Affiliation: College of Arts and Sciences, Department of Psychology and Neuroscience
Fidgeting is something most humans naturally do to self-stimulate and soothe, and is known to release neurotransmitters that stimulate attention and sharpen focus while decreasing cognitive load. Accordingly, it is an important part of sensory-motor self-regulation and has been hypothesized to play a key role in regulating attention. Fidgeting may also have the added potential of reducing anxiety and stress. Fidget tools are mass-produced and highly popularized for Attention Deficit Hyperactivity Disorder (ADHD). The research on fidget impacts is limited, particularly in sub-clinical adult populations. In this study, a non-clinical sample of 51 healthy adults were randomly assigned to receive a fidget ring or a placebo non-fidget ring. Participants were instructed to wear their assigned ring for one week and answer daily surveys measuring self-reported anxiety, stress, attention, and engagement with the assigned ring. At post-test the experimental group demonstrated a decrease in anxiety levels with a moderate effect size (ηp2 = 0.93), while the control group experienced no change in anxiety levels. This finding is consistent with the idea that having access to fidgets allows individuals to self-regulate their anxiety levels by self-soothing and may calm the nervous system, serving as an outlet for expelling nervous energy that may be associated with somatic symptoms of anxiety. Further research is necessary to elucidate the mechanisms behind how fidgets reduce anxiety. Future research should examine longer-term use of fidgets and impacts on individuals with anxiety disorders.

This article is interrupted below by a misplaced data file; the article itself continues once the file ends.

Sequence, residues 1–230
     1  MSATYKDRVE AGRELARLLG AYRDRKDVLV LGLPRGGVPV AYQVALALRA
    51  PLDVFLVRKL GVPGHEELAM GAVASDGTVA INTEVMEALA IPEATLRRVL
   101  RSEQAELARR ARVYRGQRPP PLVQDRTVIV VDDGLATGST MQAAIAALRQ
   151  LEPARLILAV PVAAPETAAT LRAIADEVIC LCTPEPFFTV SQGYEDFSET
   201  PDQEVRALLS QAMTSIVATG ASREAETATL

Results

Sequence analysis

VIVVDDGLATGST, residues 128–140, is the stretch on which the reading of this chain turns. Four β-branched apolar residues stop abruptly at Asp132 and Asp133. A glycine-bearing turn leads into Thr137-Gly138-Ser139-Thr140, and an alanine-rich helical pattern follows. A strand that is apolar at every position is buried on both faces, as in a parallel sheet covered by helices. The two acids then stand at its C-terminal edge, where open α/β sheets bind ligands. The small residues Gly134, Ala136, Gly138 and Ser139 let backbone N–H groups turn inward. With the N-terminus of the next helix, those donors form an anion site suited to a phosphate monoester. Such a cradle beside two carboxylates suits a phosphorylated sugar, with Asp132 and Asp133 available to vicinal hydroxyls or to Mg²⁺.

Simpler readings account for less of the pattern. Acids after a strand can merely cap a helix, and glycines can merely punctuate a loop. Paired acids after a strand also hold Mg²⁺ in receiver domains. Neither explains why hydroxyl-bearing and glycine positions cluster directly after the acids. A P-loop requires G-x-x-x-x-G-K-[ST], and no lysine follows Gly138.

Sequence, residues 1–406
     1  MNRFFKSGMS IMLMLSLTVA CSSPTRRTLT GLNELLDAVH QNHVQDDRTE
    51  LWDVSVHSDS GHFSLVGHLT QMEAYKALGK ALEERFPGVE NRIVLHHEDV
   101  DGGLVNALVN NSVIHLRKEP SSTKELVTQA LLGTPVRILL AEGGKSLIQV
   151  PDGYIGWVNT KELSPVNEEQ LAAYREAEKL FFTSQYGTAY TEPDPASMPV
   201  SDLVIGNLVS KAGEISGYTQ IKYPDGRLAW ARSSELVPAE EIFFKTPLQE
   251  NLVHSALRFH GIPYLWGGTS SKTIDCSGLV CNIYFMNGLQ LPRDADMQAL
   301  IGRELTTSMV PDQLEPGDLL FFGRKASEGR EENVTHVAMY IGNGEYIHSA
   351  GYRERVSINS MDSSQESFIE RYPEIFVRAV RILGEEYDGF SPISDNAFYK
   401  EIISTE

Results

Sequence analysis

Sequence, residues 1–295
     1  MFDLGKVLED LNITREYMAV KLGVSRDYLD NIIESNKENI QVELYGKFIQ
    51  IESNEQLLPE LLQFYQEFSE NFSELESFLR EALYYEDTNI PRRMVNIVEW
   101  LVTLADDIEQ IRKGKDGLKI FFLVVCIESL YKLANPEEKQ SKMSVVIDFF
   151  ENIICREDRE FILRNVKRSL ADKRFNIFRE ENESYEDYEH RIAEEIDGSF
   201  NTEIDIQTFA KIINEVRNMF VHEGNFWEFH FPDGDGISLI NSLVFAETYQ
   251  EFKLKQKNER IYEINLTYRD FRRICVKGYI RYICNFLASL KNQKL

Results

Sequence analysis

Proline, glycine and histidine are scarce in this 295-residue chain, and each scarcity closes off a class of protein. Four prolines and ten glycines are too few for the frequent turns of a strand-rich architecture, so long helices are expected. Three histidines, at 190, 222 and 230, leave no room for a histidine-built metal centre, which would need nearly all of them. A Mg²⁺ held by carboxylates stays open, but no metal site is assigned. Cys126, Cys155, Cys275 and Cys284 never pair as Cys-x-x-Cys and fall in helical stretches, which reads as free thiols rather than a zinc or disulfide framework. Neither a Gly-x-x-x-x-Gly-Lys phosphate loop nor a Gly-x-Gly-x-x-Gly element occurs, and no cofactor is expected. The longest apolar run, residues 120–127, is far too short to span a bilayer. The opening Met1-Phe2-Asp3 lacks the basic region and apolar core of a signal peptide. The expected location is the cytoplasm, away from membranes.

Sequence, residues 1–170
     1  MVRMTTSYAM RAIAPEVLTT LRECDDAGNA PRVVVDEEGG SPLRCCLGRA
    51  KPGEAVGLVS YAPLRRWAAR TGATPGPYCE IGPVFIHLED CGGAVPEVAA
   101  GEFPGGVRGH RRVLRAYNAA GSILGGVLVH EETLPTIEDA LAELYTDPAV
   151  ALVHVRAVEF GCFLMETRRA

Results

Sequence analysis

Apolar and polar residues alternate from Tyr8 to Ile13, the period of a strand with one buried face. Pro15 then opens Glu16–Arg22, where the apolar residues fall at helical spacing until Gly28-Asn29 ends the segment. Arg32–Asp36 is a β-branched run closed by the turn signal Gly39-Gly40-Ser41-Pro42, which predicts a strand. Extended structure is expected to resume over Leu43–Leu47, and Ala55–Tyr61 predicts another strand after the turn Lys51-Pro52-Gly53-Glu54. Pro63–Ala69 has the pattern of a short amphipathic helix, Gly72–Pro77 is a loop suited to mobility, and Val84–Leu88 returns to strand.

Keywords: fidgets, fidgeting, anxiety, stress, attention, focus, fidget rings, CONQUERing